Check out this report on the business community’s role in STEM education. Nutshell, the US Business community may be the only ones with enough clout to make a change. They suggest

  1. the business community promotes new models of schooling that can facilitate STEM learning (our RTM program!)
  2. Leveraging the power of technology (again, our RTM program!)
  3. Reimagining the schoolhouse (read blended learning: a hybrid model that blends traditional classroom instruction, real-time assessments, and customized, supplemental instruction in computer-based “learning labs”



“The United States has historically enjoyed astonishing success on most measures of accomplishment in science, technology, engineering, and math (STEM), even though international assessments repeatedly suggest that American students lag behind their peers in many nations when it comes to science and math achievement. But in an evolving world, the advantages that carried the United States through the past century appear far less likely to carry it through the next. With other nations making dramatic educational gains and challenging American supremacy in technology, finance, and research, our nation’s continued success requires dramatic improvement when it comes to educating our youth in math and science…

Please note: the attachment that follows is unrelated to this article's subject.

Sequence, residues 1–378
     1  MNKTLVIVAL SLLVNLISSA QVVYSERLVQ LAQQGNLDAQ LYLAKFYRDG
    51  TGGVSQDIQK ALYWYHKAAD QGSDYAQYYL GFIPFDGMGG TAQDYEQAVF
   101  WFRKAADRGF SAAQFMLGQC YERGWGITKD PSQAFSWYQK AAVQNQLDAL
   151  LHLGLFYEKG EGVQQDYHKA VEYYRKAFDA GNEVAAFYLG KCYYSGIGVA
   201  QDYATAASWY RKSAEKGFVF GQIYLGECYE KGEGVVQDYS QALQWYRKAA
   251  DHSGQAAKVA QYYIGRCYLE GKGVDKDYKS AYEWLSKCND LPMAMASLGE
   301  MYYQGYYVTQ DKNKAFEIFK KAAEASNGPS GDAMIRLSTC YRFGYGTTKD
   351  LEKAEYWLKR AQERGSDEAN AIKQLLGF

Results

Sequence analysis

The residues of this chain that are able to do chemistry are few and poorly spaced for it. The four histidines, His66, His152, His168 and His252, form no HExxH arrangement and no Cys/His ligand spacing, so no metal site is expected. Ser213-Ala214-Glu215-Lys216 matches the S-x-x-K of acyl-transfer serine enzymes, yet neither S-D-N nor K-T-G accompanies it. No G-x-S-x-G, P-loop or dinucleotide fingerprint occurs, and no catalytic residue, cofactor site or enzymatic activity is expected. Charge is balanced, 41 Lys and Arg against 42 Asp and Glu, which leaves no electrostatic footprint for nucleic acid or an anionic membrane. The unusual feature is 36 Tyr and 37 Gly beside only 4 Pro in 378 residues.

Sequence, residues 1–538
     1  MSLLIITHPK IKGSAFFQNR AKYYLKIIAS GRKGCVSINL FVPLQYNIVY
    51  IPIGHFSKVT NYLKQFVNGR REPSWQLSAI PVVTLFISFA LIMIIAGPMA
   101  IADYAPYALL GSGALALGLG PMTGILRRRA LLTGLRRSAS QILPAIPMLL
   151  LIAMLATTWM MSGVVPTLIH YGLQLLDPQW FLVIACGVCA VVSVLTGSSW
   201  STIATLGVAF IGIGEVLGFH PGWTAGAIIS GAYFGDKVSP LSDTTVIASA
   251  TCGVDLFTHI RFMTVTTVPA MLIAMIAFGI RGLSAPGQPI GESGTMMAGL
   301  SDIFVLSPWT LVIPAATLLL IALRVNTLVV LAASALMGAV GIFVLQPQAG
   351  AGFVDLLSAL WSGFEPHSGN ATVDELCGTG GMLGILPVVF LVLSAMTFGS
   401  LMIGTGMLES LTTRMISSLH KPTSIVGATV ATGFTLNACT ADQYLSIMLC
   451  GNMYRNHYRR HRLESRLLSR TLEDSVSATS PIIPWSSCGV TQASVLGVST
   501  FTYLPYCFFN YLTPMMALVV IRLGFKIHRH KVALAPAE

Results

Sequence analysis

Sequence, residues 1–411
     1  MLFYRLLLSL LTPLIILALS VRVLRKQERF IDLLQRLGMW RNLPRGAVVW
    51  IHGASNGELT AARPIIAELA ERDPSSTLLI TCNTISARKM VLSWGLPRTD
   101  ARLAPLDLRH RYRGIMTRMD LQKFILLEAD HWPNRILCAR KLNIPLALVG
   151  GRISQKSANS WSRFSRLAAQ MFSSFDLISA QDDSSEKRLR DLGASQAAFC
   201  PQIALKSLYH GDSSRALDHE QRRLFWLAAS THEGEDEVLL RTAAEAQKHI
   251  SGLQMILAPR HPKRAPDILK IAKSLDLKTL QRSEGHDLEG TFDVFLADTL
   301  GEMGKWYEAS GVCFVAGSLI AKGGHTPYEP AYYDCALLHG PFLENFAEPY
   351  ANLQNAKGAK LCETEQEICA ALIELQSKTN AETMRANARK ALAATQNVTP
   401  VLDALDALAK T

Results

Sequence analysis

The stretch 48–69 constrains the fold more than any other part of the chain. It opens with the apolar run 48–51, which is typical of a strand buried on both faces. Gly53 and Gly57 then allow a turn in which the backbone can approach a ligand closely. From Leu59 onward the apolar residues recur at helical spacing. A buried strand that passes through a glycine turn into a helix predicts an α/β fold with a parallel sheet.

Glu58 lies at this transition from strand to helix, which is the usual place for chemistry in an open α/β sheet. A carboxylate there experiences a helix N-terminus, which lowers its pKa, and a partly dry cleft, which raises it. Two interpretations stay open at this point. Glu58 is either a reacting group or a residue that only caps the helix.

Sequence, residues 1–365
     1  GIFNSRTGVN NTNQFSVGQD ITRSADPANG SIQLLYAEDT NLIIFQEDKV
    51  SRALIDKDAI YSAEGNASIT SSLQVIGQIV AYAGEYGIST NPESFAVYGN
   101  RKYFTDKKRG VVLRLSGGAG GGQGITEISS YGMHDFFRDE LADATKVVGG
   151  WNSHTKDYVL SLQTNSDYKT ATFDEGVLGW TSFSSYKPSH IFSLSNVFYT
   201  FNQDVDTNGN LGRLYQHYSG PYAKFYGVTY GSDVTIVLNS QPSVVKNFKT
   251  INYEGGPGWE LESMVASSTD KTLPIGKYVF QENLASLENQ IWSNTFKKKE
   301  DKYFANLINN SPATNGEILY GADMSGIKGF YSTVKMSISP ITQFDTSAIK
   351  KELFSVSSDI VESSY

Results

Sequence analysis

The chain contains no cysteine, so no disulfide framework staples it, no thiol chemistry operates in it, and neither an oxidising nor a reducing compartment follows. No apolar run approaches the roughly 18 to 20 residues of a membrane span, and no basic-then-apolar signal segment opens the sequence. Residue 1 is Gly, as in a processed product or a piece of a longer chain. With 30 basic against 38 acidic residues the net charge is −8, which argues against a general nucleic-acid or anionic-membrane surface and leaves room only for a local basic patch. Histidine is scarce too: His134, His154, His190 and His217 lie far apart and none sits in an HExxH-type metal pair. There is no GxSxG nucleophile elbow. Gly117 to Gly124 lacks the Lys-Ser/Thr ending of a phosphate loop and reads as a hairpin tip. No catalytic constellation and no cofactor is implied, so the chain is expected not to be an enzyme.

But this success has been more a function of a dynamic economy, entrepreneurial energy, robust partnerships between higher education and industry, an influx of highly skilled foreign nationals, and a wealth of investment capital than a refl ection of the quality of science and math education. Indeed, every few years a new international assessment suggests that American students lag far behind their peers in many
other countries when it comes to science and math achievement. We are arguably just as far behind when it comes to high achievers—just 6% of American students perform at the “advanced” level in math on the Program
for International Student Assessment (PISA) exam—a level far below that of many other advanced nations.”

Link to full report or download PDF (22MB)


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